Testicle cancer
Pulmonary embolism [normally blood clot on the lung]
Angina pectoris
Extrauterine pregnancy
Thyroid cancer
Meniscus rupture ['torn cartilage']
Colon cancer
Ovarian cancer
Kidney stone
Appendicitis
Ulcerative colitis [inflammation of the bowel]
Kidney failure
Cataract
Duodenal ulcer [peptic ulcer]
Asthma
Pancreas cancer
Ankle fracture
Lung cancer
Sciatica ['trapped nerve']
Bechterew's disease [arthritis of the spine]
Femoral neck fracture
Multiple sclerosis
Arthritis
Inguinal hernia [abdominal wall hernia]
Apoplexy [internal organ bleeding]
Psoriasis
Cerebral palsy
AIDS
Anorexia
Schizophrenia
Depressive neurosis
Hepatocirrhosis [cirrhosis of the liver]
Anxiety neurosis
Fibromyalgia

Diabetes 3
And then there is activity...
Sarcopenia
Sarcopenia is a condition of low skeletal muscle mass and strength that occurs in older people and the obese. It is associated with insulin resistance and elevated blood glucose. Dieting is not enough to avoid type 2 diabetes; it is important to be fit and avoid sarcopenia.
Exercise
Exercise is important for avoiding type 2 diabetes, over and above its body fat reduction. Not that much is required 150 minutes of walking a week or 60 minutes of more strenuous activity will give beneficial changes in lowering insulin resistance. More than this does not seem to have any extra advantage other than weight loss (decreases hunger signals) and general fitness. One thing that is important is that the exercise is regular.
It may also be the case that adrenaline production during exercise can cause the uptake of blood glucose by muscle without the action of insulin. I have read this but have not yet found corroboration.
I have re-started a lunch time walk which I used to do.
Sitting
The amount of time spent sitting (independent of the amount of activity and exercise) influences triglycerides, high density lipoprotein, cholesterol, blood glucose, blood pressure and leptin – all markers of obesity, cardiovascular disease, metabolic syndrome and type 2 diabetes.
Bone
In seems that bone is not just a rigid framework, the place where blood cells are formed and a reservoir of calcium, potassium and fat. It is an active player in metabolism. There is interplay between bone and blood sugar, based on signals sent via insulin and a bone-derived hormone known as osteocalcin.
Bone is continually broken down by osteoclasts and built up by osteoblasts. The density of bone is a balance between the activity of these two cell types. Too much re-absorption and too little creation gives osteoporosis.
Osteoblasts have insulin receptors and when not stimulated by insulin decrease bone formation – insulin is needed to maintain bones. But also, bone produces osteocalcin which stimulates the pancreas to make more insulin and various cells to be more sensitive to insulin. This appears to be a positive feedback loop. It is more complicated because insulin stimulates osteoblasts to produce inactive osteocalcin which sticks to the bone and cannot circulate in the blood to stimulate the pancreas and other cells. It cannot increase insulin or insulin sensitivity. A built up of this inactive osteocalcin stimulates the osteoclasts to break down bone. The action of osteoclasts create acid and this converts the osteocalcin to become active and escape into the circulation.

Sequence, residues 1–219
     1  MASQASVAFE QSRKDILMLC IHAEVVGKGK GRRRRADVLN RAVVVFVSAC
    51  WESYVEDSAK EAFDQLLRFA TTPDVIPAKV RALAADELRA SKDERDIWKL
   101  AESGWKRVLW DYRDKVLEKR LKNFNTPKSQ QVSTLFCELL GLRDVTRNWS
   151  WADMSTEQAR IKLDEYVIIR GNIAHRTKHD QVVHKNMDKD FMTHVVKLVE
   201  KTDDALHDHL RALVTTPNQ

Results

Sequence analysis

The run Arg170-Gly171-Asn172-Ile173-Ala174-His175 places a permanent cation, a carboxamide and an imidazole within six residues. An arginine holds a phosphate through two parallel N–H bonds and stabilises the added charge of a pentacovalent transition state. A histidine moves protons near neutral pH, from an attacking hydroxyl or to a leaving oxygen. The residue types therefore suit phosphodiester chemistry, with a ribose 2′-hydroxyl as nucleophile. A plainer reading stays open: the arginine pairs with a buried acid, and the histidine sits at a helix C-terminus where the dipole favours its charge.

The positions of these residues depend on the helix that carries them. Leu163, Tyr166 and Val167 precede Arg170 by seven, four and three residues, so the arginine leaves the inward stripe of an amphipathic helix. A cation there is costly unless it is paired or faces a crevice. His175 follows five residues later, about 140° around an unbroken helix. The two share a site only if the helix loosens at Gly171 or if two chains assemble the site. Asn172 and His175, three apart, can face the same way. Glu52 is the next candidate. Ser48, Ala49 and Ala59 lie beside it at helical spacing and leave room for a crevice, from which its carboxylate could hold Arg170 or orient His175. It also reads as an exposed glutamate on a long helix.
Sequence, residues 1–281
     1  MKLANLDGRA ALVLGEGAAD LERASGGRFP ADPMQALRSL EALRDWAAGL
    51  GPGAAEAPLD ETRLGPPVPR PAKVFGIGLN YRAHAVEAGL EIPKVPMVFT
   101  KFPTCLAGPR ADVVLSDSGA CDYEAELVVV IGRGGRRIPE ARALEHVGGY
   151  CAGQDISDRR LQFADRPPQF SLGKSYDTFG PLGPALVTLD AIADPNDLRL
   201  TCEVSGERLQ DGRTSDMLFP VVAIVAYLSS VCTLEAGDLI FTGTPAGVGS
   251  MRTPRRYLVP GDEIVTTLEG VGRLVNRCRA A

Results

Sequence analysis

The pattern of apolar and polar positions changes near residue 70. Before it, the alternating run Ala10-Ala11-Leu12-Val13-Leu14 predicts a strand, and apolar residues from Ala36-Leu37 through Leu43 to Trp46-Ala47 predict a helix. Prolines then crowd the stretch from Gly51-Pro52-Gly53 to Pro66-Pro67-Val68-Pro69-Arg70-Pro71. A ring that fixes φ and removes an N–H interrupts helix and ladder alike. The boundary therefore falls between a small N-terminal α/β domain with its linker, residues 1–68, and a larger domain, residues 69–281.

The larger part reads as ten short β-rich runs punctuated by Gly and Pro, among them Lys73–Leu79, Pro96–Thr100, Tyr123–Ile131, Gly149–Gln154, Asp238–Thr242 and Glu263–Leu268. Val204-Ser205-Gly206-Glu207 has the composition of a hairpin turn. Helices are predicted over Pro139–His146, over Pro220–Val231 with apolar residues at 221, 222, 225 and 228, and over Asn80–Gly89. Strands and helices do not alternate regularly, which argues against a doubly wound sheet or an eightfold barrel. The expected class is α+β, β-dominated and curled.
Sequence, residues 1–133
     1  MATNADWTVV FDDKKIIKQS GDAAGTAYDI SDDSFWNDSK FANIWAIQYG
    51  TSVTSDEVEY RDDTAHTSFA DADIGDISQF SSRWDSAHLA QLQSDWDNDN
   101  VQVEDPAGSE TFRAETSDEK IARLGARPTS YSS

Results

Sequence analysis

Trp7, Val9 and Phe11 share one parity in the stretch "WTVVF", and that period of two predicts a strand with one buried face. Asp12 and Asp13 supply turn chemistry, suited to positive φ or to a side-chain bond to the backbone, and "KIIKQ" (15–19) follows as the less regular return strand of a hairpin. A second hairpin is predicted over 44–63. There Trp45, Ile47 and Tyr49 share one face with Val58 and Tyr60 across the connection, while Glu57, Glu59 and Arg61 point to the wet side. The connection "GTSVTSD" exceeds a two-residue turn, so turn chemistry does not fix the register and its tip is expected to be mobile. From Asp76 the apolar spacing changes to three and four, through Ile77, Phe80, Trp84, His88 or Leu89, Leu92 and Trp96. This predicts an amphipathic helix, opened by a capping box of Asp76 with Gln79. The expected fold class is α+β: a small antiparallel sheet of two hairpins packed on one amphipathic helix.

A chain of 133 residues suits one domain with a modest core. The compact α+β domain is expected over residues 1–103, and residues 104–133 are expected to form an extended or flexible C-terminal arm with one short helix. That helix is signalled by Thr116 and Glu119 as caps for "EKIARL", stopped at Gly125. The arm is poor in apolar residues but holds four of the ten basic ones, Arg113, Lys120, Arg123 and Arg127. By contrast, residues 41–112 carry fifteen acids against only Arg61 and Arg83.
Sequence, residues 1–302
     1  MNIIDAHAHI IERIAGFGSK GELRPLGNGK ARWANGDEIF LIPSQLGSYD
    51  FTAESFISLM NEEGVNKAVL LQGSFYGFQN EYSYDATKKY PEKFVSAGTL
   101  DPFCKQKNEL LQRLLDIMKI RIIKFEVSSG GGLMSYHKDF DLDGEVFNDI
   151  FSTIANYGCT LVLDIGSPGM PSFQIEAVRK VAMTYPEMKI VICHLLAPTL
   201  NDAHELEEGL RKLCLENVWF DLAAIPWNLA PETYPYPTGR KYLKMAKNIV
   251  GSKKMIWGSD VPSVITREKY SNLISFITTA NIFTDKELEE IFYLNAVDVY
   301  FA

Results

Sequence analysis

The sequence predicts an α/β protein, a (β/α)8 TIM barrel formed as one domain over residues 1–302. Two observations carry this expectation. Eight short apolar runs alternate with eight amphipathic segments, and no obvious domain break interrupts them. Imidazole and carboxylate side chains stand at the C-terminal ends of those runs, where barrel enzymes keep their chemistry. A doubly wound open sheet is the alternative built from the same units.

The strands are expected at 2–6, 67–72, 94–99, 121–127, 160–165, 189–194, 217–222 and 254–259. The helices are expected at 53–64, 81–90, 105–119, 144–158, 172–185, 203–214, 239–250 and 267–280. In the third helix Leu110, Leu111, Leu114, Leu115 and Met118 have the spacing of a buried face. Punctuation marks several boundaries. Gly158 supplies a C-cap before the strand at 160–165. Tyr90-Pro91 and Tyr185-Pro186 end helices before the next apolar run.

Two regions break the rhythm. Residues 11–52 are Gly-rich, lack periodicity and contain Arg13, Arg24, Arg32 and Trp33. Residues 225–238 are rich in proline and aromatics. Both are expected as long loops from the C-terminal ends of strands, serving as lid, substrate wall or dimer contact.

Stress kills
Now that there are preventions, cures and treatments for the majority of the diseases that killed our great grandparents and their ancestors, we die of accumulated mishaps. Our fears are cancer, the result of a series of uncorrected metabolic damage, or heart attacks, the result of the wear and tear of life. Now our greatest enemy is stress because stress makes us tear out faster and repair our little damages less well.
It is becoming clear that it is not just stress that is dangerous – there is good stress and bad stress. The really damaging situation is to have stress consisting of very high demands and very low control. This is the type of stress that kills.
There are some recent figures giving a feel for how important stress is. “The list of ailments connected to stress is staggeringly diverse and includes everything from the common cold and lower-back pain to Alzheimer's disease, major depressive disorder, and heart attack. Stress hollows out our bones and atrophies our muscles. It triggers adult onset diabetes and is a leading cause of male impotence. In fact, numerous studies of human longevity in developed countries have found that "psychosocial" factors such as stress are the single most important variable in determining the length of a life.” and “The Whitehall study, an exhaustive longitudinal survey launched in 1967 that has tracked some 28,000 British men and women working in central London. The differences are dramatic. After tracking thousands of civil servants for decades, Marmot was able to demonstrate that between the ages of 40 and 64, workers at the bottom of the hierarchy had a mortality rate four times higher than that of people at the top. Even after accounting for genetic risks and behaviors like smoking and binge drinking, civil servants at the bottom of the pecking order still had nearly double the mortality rate of those at the top. Promotion from the lowest level in the British civil service reduced the probability of heart disease by up to 13 percentage points. ”